Going back through my collection of old PC games, I came across a title that I didn’t originally plan on reviewing; Tomb Raider. Of course, it was only about a year ago that I reviewed the new Tomb Raider reboot so I figured it might be worth some time taking a look back on the games that started it all.
Over the last few weeks, I’ve played through the first three original Tomb Raider games and found it to be quite the nostalgia trip. But before I dive in, I’m going to take a moment to talk about the availability of these titles.
First off, all three of these games are available either through Steam or GOG. There’s no real difference where you get them from, but you should be aware that when buying these games through these channels you are getting the original game only. All three of these titles had extra content released later on. For Tomb Raider, there is the Unfinished Business chapter. For Tomb Raider II, there is the Golden Mask add-on. Finally, for Tomb Raider III, there is something called “The Lost Artifact”. The first two are free to download, but The Lost Artifact is not. The add-on levels are quite enjoyable and especially in the case of TR1, I consider them to be essential.
Regardless of how you manage to acquire them, these games are certainly worth a look. This is the original trilogy that started it all. It’s here that gamers all over the world first became acquainted with the female treasure hunter, Lara Croft.
Tomb Raider was released in 1996, and unlike many popular PC games at the time, it was not a first person shooter. Tomb Raider is as true action/adventure style platformer. The game is viewed from a third-person perspective and is heavily focused on various platforming puzzles. The combat in the game is often very fast paced and intense. In most situations, enemies tend to take you by surprise.
The game focuses on Lara Croft, an adventurer/treasure hunter who has been tasked with recovering a value artifact. Without ruining the storyline of the game, there’s much more to this item than meets the eye, and closer Lara gets to her goal, the more twists and turns the story takes.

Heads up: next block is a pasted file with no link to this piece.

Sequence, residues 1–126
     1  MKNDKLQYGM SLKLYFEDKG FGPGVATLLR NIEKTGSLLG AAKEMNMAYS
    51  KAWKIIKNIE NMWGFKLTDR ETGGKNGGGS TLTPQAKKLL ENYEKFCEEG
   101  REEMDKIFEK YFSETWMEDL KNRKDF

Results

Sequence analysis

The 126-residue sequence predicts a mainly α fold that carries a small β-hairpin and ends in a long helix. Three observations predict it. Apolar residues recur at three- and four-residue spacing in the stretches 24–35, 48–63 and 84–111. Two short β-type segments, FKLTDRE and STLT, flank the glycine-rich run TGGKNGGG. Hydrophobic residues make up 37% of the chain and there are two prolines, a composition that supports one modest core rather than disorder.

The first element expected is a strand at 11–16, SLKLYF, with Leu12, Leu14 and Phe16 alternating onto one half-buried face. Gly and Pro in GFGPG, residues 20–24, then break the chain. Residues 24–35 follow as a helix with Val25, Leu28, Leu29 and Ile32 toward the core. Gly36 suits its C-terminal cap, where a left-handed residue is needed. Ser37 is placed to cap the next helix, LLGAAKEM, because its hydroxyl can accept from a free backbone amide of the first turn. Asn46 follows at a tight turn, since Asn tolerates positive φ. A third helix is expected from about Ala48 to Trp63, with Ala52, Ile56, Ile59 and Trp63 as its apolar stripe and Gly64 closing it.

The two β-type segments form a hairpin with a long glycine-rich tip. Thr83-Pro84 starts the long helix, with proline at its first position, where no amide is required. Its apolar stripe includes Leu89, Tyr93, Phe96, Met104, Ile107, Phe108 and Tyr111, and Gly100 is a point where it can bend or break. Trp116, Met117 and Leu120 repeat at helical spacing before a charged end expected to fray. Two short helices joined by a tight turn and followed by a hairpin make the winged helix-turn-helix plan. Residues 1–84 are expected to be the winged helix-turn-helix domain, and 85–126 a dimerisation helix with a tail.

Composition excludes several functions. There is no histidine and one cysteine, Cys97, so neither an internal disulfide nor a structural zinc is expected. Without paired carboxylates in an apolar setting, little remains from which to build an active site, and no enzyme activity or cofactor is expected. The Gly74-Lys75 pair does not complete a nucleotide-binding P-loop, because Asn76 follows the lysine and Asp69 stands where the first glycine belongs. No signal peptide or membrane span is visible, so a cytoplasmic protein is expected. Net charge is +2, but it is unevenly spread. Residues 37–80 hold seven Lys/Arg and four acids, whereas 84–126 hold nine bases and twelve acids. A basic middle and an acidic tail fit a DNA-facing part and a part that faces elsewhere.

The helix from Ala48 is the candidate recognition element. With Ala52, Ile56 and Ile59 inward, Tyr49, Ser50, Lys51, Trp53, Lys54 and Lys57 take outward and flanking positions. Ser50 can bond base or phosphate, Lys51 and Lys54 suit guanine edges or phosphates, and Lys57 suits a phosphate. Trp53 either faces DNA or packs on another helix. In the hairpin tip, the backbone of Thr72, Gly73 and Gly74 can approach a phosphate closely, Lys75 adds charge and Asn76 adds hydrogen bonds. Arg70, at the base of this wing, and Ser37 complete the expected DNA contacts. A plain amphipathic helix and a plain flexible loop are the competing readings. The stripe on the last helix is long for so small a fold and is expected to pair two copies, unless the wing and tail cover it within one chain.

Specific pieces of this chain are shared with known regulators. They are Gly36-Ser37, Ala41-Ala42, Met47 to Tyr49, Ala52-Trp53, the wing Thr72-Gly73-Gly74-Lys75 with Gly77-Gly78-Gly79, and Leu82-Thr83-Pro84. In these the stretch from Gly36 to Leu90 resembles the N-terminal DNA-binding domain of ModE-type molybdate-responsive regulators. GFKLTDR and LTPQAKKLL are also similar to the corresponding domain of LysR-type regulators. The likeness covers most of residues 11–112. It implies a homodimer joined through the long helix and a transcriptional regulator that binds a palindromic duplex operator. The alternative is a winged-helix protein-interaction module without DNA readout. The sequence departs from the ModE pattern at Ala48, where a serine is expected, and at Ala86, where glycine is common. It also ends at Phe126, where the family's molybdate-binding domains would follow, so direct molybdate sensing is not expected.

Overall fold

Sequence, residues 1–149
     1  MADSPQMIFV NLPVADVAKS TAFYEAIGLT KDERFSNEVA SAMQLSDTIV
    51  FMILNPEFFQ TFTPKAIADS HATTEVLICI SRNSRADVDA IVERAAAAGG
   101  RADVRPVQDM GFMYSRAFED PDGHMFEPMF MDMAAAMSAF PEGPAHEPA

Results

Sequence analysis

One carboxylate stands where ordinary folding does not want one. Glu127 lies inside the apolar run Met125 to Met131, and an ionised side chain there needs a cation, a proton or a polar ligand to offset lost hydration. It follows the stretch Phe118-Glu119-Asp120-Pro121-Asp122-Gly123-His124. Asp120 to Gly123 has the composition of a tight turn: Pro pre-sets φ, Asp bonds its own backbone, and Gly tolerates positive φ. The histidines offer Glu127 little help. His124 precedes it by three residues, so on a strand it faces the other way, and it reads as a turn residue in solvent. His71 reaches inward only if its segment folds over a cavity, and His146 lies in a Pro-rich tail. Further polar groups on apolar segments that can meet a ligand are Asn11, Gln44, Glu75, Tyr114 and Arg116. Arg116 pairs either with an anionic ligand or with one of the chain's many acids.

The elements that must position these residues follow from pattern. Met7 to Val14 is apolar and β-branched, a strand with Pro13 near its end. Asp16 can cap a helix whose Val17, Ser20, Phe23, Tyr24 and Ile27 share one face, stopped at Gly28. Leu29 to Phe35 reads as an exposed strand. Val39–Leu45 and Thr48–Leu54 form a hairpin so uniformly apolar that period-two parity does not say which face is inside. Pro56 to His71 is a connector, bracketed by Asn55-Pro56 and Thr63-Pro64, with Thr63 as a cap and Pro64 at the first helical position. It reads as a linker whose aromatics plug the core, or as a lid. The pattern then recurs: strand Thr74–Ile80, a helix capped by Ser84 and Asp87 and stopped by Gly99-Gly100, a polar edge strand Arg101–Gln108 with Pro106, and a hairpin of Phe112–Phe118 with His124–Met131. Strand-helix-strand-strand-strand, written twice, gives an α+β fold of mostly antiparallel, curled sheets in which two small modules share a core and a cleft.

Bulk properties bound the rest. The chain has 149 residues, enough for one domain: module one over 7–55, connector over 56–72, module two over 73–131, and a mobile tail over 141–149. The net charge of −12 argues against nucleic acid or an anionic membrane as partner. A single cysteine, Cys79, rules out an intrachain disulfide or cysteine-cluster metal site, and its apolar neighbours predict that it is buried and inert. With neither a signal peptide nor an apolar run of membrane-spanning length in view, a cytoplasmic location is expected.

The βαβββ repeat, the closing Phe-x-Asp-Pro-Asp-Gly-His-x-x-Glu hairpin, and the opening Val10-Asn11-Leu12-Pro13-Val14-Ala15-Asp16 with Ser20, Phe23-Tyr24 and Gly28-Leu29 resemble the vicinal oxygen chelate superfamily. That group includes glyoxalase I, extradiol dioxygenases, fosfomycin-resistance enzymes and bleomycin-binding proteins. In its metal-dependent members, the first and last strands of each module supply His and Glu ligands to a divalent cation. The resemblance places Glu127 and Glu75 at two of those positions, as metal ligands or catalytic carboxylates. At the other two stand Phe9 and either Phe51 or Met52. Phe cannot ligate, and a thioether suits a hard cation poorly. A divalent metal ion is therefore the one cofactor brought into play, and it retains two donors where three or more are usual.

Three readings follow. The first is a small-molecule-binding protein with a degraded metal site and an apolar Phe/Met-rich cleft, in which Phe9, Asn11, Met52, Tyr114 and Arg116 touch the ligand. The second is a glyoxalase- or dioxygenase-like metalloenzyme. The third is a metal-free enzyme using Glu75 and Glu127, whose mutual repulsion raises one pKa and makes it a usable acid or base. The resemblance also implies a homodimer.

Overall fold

Originally released on DOS, the game featured by blocky software driven graphics. Eventually, a 3DFX accelerated patch was released that increased the graphic quality of the title tremendously. (Modern players wanted to take advantage of the accelerated version will need some type of Glide wrapper such a nGlide).
Tomb Raider is really an excellent title, but there a lot of things about the game to pick apart. First, the controls. Playing the game using the keyboard is very cumbersome and frustrating. The controls make almost no sense whatsoever, but you do manage to get use to them after a while. But, once you do it really don’t matter because the playcontrol is so poor. Many in-game deaths that I experienced were not the result of my mistake, but rather from clunky controls.
3DFX Version of Tomb Raider
Despite control issues, the game was popular enough to spawn a sequel. Playing these two games back to back is very eye-opening. The quality of the second title is much improved. First off, the game was designed for windows and features accelerated graphics right out of the box. The controls are similar, but seem to be a bit more responsive.
Aside from some refinements. TR2 also brings a new storyline that seems to flow a bit better. I personally enjoyed the story from this title over the original. Overall, I’d have to say its a better game, but the magic of the original is hard to overshadow.
By this point, Lara herself became the focus of much criticism due to her massive bust and seemingly Barbie Doll figure. Lara was both an idol and bane to many liberal women’s groups. It was hard to hate such an independent and kick-ass woman, but at the same time her sex-appeal made it hard to recommend her as a role-model. Regardless, all the hype and controversy only managed to provide the game with more attention. For whatever reasons, Lara Croft had her fans right where the game designers wanted them.